A brief history of the Super Tuesday primaries

Voters in about a dozen states head to the polls tomorrow to help select the next presidential nominees in a ritual called Super Tuesday. So how did we get this primary season free-for-all and why does it matter?

University_at_Buffalo_voting_booth-450x300The last question is the easiest to answer. On March 1, 2016, about 22 percent of all convention delegates for the Democrats and 25 percent for the Republicans will be picked on the same day. No other primary election day in the 2016 cycle has the bulk of delegates, although March 15 and June 7 are other dates with a lot of delegates at stake.

But Super Tuesday, through several generations of tradition, has taken on its own legendary personality, with campaigns made or broken on the national stage.

An early Super Tuesday of note was in 1976, when six primaries were held on Tuesday, May 25, with Gerald Ford and Ronald Reagan each taking three states in the Republican race. In the 1980 campaign, seven primaries and caucuses were held on March 11, 1980.

But at the time, the name “Super Tuesday” was also used to describe the final Tuesday of the primary season in June, when a key group of states that included California and New Jersey cast votes.

The 1984 campaign was seen as starting the modern movement toward a more sweeping Super Tuesday in March using a concept known as “frontloading” the primaries. Nine states were in play on March 13, 1984, as Walter Mondale took Georgia and survived the loss of seven states to Gary Hart to remain in the presidential campaign and get the nomination at the Democratic national convention.

Four years later, the event was being called the Southern Super Tuesday as 21 states, mostly from the South, had elections on March 8, 1988. For the Democrats, Michael Dukakis managed to win five states despite his liberal, New England heritage. The Dukakis showing blunted any effort for a regional candidate to leverage his connections. Bill Clinton then became the first Southern candidate to take advantage of a grouping of Southern primaries in 1992, sweeping the South on Super Tuesday and completing a comeback that had started in New Hampshire.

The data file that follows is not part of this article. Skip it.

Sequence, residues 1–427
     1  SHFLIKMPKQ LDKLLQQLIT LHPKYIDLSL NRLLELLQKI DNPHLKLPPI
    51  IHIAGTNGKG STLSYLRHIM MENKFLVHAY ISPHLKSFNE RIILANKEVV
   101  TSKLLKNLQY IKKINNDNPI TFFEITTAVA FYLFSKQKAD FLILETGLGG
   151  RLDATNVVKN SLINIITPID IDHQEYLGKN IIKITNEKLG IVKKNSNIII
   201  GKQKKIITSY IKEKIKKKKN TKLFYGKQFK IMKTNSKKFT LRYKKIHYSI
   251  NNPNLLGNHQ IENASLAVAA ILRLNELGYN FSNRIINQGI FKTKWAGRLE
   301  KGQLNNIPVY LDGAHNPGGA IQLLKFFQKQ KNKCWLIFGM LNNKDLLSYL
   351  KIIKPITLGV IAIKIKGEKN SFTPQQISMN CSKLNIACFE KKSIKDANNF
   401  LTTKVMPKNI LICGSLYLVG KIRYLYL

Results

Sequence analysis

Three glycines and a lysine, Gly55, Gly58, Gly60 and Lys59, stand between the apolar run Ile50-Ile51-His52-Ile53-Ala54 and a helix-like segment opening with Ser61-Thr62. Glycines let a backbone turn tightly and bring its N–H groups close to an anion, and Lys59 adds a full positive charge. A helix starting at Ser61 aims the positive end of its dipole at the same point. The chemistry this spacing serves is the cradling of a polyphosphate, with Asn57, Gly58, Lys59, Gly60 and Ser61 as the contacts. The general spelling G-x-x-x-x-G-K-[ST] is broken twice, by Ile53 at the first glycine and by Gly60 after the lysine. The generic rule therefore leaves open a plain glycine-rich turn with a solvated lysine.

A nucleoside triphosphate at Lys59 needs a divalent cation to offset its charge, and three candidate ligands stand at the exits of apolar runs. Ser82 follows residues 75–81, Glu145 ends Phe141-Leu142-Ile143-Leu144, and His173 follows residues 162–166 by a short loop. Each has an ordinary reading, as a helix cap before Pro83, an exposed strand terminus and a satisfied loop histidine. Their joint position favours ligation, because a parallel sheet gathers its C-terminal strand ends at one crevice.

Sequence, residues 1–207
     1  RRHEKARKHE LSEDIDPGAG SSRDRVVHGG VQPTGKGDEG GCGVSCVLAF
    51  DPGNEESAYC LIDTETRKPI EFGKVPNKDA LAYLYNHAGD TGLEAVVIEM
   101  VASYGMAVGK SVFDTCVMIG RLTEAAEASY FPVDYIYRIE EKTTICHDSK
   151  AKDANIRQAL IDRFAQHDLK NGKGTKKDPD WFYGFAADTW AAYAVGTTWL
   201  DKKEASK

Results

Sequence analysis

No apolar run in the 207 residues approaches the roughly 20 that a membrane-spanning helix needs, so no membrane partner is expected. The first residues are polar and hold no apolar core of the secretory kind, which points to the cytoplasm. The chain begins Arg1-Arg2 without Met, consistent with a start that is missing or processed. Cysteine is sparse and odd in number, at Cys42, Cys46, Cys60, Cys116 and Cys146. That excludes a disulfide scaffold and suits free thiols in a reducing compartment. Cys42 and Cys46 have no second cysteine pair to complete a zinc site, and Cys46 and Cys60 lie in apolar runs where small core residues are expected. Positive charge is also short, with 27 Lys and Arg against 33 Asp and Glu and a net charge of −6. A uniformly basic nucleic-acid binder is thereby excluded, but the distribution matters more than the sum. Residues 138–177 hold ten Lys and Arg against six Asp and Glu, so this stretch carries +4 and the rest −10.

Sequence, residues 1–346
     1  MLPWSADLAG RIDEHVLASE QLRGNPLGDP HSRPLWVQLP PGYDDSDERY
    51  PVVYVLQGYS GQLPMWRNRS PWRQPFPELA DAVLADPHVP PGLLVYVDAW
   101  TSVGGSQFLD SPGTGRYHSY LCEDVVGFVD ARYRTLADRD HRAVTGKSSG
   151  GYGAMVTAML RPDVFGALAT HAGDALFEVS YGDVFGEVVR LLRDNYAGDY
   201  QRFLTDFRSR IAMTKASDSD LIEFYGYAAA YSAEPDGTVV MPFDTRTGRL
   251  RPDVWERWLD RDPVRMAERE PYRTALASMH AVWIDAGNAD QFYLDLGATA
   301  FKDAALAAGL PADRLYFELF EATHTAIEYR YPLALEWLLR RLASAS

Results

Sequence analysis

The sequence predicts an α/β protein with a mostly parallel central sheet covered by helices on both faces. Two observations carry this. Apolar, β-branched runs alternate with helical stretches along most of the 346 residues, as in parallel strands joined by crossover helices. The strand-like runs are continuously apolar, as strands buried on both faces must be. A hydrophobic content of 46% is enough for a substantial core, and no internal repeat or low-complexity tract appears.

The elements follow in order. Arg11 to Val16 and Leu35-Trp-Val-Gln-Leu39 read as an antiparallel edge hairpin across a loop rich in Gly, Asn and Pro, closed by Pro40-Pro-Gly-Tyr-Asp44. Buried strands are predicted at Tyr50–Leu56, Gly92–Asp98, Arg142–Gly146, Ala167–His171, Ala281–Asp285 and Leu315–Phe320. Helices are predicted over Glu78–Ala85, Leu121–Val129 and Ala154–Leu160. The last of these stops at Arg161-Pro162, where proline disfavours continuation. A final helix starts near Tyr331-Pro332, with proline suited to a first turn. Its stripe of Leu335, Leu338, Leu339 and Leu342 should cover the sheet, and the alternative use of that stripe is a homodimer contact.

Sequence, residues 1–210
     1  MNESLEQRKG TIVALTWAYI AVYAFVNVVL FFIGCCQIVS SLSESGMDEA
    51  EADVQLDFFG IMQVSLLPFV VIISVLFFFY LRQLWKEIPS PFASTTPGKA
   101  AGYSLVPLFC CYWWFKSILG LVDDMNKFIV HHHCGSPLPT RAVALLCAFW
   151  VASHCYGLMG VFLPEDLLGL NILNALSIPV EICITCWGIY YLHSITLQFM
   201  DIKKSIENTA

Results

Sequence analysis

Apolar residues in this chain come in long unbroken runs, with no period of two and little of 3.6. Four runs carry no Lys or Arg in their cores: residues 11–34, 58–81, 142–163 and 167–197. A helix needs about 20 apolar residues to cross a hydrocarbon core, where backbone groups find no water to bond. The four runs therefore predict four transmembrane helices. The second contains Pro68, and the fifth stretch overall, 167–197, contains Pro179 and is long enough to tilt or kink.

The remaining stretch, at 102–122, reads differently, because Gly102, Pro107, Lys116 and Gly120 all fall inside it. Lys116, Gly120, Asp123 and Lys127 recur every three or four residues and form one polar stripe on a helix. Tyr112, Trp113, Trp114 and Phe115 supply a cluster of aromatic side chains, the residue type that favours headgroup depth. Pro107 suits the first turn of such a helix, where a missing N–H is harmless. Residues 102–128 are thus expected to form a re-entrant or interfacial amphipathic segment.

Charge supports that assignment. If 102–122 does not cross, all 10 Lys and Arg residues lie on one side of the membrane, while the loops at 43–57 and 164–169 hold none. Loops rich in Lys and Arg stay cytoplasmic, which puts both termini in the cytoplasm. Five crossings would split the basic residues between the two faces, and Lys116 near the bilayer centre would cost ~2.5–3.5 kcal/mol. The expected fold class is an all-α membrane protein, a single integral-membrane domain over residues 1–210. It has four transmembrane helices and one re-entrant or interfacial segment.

The 1996 Super Tuesday was dominated by Bob Dole in the Republican races, and in 2000, George W. Bush and Al Gore took part in a March 7, 2000 Super Tuesday that featured California and New York; both candidates cemented their front-runner status with strong performances. In 2004, John Kerry took nine of 10 Super Tuesday contests in March to lock up the Democratic nomination.

The contentious 2008 election saw 24 states move their primaries to Tuesday, February 5, in an effort to sort out the front runners early by putting about half of the delegates in play on the same election day. Instead, Barack Obama and Hillary Clinton would up in a virtual delegate deadlock for the Democrats. The GOP front runner, John McCain, was able to gain enough delegates to force his top rival, Mitt Romney, from the race.

Romney had his revenge in 2012, when he used a strong March Super Tuesday showing to keep him momentum, leaving him with one final candidate, Rick Santorum, to contend with for another month.

This year, Donald Trump and Hillary Clinton will try to use Super Tuesday, followed by the March 15 primaries, to end the primary season early.

The Republican Party has 12 states in play on Super Tuesday, representing about 25 percent of all delegates sent to the GOP convention. The GOP uses a mixed set of rules to select delegates in a “winner-take-most,” and in a proportional fashion. For the Democrats, about 22 percent of all convention delegates are selected for the national convention on Super Tuesday, with 11 states, American Samoa and overseas delegates in play.

By March 16, about 50 percent of the Democratic delegates and 60 percent of the Republican delegates will have been at stake in primary elections and caucuses.

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